Image of the Week – Path

This week’s image: A Path.

exhausted after a day of hard climbing, disconcerted by frequent heavy fog and uncertainty about the location of the next signpost, watching, listening, one step a time, looking for a way forward.

What do you see in this image?

path

Theological Reflection: “A way where there was no way”

Lately CCS staff have been discussing drafts of various reports being developed in The United Church of Canada about the structure of the denomination, the future of theological education, and ministry designation, including the future of diaconal ministry.  It is clear that change is needed but disagreement abounds throughout the church regarding which direction will lead us to new life.  We need not dig deep to find disgruntlement about the path on which we are traveling.

Sound familiar?

The Narrative Lectionary has had us traveling with Moses and the ancient  Israelites, escaping from slavery in Egypt, knowing that turning back is not an option, uncertain about the way ahead, none too happy about the leadership.  The God that journeyed with the ancient Israelites also journeys with us.  Time after time, a way where there was no way.

Litany  (used in staff worship on October 8, 2014)

“In the beginning when God created the heavens and the earth, the earth was a formless void and darkness covered the face of the deep, while a wind from God swept over the face of the waters… and there was evening and there was morning, the first day… and God saw that it was good.”   (Genesis 1:1-9 excerpts)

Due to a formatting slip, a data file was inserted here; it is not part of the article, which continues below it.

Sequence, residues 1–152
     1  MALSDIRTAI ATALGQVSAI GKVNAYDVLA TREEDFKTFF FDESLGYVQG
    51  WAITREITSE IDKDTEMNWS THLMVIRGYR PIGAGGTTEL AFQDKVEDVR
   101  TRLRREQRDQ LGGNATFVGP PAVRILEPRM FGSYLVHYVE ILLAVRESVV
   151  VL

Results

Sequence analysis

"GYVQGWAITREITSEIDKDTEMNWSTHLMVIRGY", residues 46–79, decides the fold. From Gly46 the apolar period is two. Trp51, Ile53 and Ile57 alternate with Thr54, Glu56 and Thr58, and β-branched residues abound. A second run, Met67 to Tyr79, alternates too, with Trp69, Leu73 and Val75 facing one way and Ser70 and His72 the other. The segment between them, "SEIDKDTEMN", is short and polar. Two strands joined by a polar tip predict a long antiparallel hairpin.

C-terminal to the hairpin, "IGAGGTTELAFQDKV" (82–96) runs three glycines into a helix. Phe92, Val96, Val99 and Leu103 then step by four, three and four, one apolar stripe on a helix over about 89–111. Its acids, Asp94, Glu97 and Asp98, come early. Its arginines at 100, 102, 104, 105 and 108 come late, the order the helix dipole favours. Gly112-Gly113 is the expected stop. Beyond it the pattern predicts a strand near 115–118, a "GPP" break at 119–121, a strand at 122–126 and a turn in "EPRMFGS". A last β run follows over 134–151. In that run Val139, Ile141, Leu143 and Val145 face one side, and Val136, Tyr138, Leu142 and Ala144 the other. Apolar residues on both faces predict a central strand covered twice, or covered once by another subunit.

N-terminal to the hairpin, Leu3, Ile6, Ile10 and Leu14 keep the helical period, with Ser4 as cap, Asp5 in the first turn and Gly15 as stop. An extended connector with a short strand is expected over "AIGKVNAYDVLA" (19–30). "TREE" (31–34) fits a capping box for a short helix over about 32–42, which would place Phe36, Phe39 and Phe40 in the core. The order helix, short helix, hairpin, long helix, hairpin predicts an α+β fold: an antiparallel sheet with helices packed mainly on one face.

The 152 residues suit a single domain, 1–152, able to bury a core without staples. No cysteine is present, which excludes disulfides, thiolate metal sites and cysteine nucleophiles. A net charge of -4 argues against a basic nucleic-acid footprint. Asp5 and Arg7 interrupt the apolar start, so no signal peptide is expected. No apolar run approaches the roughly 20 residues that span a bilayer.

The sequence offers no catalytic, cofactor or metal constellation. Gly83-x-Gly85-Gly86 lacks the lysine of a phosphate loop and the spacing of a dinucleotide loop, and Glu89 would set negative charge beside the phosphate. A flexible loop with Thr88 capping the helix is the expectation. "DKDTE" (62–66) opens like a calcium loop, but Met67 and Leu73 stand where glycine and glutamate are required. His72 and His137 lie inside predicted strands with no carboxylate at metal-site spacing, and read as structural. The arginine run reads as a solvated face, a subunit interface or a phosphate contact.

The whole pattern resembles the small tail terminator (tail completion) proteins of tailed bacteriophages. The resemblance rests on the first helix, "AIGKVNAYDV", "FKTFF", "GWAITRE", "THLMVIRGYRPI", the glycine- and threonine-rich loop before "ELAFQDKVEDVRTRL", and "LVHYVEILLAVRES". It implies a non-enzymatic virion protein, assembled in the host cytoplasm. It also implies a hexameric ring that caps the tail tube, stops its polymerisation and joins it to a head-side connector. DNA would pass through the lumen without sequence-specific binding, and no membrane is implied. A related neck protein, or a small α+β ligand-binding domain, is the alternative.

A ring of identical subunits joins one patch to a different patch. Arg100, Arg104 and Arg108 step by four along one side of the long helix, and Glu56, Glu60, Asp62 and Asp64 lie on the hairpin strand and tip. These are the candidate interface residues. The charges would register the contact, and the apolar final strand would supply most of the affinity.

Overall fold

A way where there was no way

The story of the Israelites following Moses out of Egypt – the sea parts and the people find safe passage;

A way where there was no way

A group of friends ripping apart a roof to gain access to Jesus for their desperately ill friend;

A way where there was no way

The Beguines – women living in community, dedicated to a life of discipleship among the poor;

A way where there was no way

Bishop’s Messengers offering ministry in isolated areas;

A way where there was no way

Harriet Tubman and collaborators in the Underground Railroad – leading slaves to freedom;

A way where there was no way

Harriet Christie – traveling across Canada selling bricks to raise money for much-needed building for diaconal education;

A way where there was no way

Dr. Jessie Saulteaux and those who gathered around her vision – pursuing a dream, a commitment to indigenous theological education for Aboriginal ministers to serve Aboriginal communities;

A way where there was no way

Field-based/community-based/regional programming opening the door to expanded opportunities for diaconal education;

A way where there was no way

Prior Learning Assessment Review – recognition of experience and learning – a way of making theological education more accessible;

A way where there was no way

We are firmly rooted in a tradition of preparing, listening, responding, discerning, risking, trusting that we are accompanied by a God who offers vision, troubles the waters, and calls us to community, to love, to justice.

A way where there was no way

(Photo credit: Nancy Sanders, Reflection: Ann Naylor)